Whenever I begin an analysis problem on a new consulting engagement, I start with the same questions to focus my understanding of the problem, the dataset and the culture of the organization. Having a standardized flow helps me quickly sink into the analysis and end up with a solution that adds real value, rather than just creating some pretty dashboards (or worse, redoing cross tabs from Excel within Tableau). This article is the first in a series of posts on the Archetypal Analytic Cycle ™ and its applicability to a wide variety of applied analytics problems, especially visual analytics problems. So, without further ado, here are the questions I begin with, in the typical order I try to answer them:
- What is the problem to be solved?
- How does the client (individual) get bonused or remunerated (i.e. what specific levers are they being measured on)?
- What are the strategic goals of the organization, if public, from their annual report, or, if private, from interviewing executives?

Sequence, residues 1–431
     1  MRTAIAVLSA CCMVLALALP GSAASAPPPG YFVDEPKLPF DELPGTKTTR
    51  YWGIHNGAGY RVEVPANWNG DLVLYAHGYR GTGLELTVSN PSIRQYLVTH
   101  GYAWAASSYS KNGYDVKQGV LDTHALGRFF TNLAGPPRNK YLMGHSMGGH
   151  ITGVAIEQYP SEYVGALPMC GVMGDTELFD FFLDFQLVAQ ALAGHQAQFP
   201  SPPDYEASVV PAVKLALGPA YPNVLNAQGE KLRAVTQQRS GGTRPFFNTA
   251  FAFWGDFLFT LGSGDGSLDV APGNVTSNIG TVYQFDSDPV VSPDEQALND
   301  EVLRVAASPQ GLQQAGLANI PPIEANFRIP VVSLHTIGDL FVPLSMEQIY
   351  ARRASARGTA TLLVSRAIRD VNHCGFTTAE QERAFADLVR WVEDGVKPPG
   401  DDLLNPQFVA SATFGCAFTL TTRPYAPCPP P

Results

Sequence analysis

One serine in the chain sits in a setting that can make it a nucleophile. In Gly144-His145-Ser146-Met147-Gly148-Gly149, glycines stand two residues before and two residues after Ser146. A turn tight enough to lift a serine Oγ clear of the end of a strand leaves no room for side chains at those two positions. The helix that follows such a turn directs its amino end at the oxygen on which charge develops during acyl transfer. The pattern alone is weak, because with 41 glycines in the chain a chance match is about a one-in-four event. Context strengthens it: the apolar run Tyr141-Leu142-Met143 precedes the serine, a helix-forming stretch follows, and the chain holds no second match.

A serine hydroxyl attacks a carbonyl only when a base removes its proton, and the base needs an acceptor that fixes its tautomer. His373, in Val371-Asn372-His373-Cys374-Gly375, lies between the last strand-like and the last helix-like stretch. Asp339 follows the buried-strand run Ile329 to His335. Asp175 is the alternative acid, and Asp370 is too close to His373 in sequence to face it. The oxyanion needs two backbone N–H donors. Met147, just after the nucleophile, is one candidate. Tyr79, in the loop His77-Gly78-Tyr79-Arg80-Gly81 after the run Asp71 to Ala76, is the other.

- What is the source of the data?
- How is the data shaped?
- Can the problem be solved given the data source and shape?
- What story is the client (individual) trying to or has been telling?
- What story is the data trying to tell?
- Are #7 and #8 in alignment?
- What is the analytics capability and maturity level at the client and business level?
- What are the client’s analytic biases?
- What are the organization’s analytic biases?
- What are the domain analytic biases?
- What are my own analytic biases that I bring?
- Is each component of the overall analytics deliverable actionable?
Although I am biased to using Tableau as a visualization solution (I do work for Tableau after all), I answer all of the above questions before even beginning data exploration in any tool. My preferred method is to whiteboard the questions and answers before even opening a laptop or using any tools. Then, when I begin the actual data exploration phase, I have some confidence that the project is not an Alice in Wonderland down the rabbit hole adventure.
In the rest of this series, I will explore each question in depth, diving into sub-questions that inevitably arise as the main questions are asked and answered. Also sprinkled in will be case studies that have been modified to protect the data and organizations involved.
‘Til next time!